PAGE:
That brings us to this point in this tangential two year story I’ve been telling. I am currently working at Fredericton Tourism, biding time and hoarding cash until the school year begins and I enter debt for the first time. It’s been an interesting summer. The first two months of it, I had to do a lot of prerequisite work with a makeable timeline that didn’t leave much room for error. I got that out of the way and I’ll admit that I haven’t exactly known what to do with myself until the school year starts. I figure I might as well enjoy the feeling since this year will involve a lot of work. Probably more than I realize.

This kind of brings me to the point of all of this: In everything I’ve done, I’ve either felt important or have had some sort of important thing going on in my life. After the MBA program is finished I will likely end up with a pretty high paying job, living the good life. But I’ll need some sort of goal for myself and, although work goals will be lofty and challenging, I’m speaking of goals in a much broader sense. I’ll need some sort of thing I can devote myself to in addition to being successful and rich. Some sort of raison d’ĂȘtre if you follow me. Maybe my feelings in this matter stem from ego. In fact, it’s quite likely. I do have an ego. I do think that I’m better than some people. I am better than some people. If I’m not I’ll admit (although I may be reluctant to do so). Thank god this is no Greek tragedy where hubris will prove to be my undoing.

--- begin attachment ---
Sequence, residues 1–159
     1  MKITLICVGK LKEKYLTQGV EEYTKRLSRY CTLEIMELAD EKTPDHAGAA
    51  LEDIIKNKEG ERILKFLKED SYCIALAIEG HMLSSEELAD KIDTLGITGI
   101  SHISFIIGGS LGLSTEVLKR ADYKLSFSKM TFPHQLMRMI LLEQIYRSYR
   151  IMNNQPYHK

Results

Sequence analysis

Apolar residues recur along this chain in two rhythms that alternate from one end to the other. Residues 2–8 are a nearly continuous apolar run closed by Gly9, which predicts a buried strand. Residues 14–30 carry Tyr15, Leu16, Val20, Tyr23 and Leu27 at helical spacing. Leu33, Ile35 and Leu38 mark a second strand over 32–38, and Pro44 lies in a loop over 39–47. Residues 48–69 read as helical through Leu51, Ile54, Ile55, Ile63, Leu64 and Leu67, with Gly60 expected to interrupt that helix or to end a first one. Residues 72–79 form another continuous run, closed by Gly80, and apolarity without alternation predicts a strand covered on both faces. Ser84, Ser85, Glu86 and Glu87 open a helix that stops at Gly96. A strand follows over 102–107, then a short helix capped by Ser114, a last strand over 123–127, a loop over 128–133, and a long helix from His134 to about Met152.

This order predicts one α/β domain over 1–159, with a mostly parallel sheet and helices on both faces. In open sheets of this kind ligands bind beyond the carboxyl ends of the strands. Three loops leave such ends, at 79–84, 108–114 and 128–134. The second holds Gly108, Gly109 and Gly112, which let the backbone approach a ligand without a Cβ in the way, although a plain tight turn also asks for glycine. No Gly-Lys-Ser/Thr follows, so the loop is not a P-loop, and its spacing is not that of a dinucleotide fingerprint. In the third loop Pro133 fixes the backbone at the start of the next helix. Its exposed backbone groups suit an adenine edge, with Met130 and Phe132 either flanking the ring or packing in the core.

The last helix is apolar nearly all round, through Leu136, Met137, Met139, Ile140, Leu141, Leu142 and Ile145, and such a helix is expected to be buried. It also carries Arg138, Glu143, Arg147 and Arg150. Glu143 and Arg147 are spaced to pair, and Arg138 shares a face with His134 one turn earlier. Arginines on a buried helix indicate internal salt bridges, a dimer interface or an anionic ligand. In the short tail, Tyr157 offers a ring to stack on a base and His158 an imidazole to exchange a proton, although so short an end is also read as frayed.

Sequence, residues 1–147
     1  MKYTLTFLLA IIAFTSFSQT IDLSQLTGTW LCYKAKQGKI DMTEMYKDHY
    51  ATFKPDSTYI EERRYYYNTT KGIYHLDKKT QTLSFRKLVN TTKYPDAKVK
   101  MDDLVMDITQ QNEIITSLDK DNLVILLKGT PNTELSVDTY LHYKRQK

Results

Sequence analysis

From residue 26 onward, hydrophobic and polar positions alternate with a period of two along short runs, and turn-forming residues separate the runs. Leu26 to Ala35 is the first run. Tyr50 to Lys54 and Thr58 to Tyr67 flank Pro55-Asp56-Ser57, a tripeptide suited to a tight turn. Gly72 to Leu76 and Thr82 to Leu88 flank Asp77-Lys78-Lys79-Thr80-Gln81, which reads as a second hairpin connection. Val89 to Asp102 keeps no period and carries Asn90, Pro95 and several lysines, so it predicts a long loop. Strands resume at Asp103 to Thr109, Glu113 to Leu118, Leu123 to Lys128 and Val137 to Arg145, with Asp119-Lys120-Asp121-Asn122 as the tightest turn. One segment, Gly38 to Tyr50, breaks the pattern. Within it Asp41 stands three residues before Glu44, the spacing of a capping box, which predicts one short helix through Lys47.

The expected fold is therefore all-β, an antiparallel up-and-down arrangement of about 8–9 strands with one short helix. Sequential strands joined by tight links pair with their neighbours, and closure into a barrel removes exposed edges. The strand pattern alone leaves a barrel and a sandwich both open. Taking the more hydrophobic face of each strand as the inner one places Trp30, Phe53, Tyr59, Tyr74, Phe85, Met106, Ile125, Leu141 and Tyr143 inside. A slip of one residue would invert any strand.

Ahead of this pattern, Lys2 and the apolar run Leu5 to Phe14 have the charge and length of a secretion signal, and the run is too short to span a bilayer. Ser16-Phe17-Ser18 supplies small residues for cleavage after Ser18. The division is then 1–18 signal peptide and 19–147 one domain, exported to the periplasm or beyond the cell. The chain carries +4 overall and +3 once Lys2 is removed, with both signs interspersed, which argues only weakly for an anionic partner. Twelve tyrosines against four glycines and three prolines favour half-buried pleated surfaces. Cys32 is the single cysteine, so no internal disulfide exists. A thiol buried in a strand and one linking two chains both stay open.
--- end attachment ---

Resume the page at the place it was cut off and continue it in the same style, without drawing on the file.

So I’ve been carrying on and I’ve been in a lot of different positions and one far away place. While these were all very proactive moves, they do point to one question that I seem to consistently want to avoid dealing with: What’s next? Perhaps in realizing that, I’ve answered my own question. Maybe my recognition of this is enough to set aside that next-step type of feeling. Or maybe my thirst for knowledge and ultimately some form of wisdom will drive me ever towards it. Only time will tell.